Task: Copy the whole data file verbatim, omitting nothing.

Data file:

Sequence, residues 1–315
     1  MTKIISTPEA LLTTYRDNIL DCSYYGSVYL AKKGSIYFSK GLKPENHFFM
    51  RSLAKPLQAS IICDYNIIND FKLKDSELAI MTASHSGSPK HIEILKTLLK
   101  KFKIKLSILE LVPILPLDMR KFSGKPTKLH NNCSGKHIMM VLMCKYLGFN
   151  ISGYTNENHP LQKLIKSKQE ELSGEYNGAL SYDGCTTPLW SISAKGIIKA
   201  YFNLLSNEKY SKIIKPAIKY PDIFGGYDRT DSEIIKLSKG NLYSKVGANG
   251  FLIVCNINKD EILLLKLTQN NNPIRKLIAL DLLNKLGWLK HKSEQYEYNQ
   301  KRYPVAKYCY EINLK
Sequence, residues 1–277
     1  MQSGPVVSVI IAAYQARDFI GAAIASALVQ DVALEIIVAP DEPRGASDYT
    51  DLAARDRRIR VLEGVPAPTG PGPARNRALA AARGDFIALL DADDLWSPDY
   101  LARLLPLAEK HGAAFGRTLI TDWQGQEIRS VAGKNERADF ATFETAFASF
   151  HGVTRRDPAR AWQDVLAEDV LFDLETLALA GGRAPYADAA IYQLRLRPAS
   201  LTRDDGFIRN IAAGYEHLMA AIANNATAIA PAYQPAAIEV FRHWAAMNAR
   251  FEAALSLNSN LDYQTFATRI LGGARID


Sequence, residues 1–315
     1  MTKIISTPEA LLTTYRDNIL DCSYYGSVYL AKKGSIYFSK GLKPENHFFM
    51  RSLAKPLQAS IICDYNIIND FKLKDSELAI MTASHSGSPK HIEILKTLLK
   101  KFKIKLSILE LVPILPLDMR KFSGKPTKLH NNCSGKHIMM VLMCKYLGFN
   151  ISGYTNENHP LQKLIKSKQE ELSGEYNGAL SYDGCTTPLW SISAKGIIKA
   201  YFNLLSNEKY SKIIKPAIKY PDIFGGYDRT DSEIIKLSKG NLYSKVGANG
   251  FLIVCNINKD EILLLKLTQN NNPIRKLIAL DLLNKLGWLK HKSEQYEYNQ
   301  KRYPVAKYCY EINLK
Sequence, residues 1–277
     1  MQSGPVVSVI IAAYQARDFI GAAIASALVQ DVALEIIVAP DEPRGASDYT
    51  DLAARDRRIR VLEGVPAPTG PGPARNRALA AARGDFIALL DADDLWSPDY
   101  LARLLPLAEK HGAAFGRTLI TDWQGQEIRS VAGKNERADF ATFETAFASF
   151  HGVTRRDPAR AWQDVLAEDV LFDLETLALA GGRAPYADAA IYQLRLRPAS
   201  LTRDDGFIRN IAAGYEHLMA AIANNATAIA PAYQPAAIEV FRHWAAMNAR
   251  FEAALSLNSN LDYQTFATRI LGGARID